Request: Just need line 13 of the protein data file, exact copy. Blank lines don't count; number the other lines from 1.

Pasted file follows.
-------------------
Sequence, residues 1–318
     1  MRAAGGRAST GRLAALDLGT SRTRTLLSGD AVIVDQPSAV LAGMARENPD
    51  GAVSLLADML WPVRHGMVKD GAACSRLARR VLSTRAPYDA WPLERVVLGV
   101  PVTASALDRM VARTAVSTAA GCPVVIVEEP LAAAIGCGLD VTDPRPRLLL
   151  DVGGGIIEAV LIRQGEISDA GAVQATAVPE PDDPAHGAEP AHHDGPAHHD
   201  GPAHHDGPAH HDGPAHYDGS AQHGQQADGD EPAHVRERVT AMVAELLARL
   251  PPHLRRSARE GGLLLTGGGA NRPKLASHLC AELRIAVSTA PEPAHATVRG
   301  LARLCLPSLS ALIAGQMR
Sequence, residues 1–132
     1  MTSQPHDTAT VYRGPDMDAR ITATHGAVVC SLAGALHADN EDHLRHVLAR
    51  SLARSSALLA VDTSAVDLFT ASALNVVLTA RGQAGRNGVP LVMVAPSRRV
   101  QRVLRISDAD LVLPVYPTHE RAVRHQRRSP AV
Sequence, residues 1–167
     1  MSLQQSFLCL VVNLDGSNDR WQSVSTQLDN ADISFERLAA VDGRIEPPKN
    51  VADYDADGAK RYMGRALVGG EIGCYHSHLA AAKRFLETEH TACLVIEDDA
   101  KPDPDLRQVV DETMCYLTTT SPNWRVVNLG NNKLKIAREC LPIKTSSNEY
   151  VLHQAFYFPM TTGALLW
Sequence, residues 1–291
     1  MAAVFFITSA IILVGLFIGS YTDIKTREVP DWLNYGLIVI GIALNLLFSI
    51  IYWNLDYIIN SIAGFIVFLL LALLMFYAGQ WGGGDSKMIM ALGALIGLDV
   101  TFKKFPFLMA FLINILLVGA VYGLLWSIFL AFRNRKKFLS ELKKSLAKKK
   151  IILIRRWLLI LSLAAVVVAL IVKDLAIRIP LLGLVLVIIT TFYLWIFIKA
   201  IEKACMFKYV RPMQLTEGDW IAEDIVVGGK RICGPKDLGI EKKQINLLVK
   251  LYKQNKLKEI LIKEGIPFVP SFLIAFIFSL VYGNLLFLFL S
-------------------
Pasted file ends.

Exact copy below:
Sequence, residues 1–167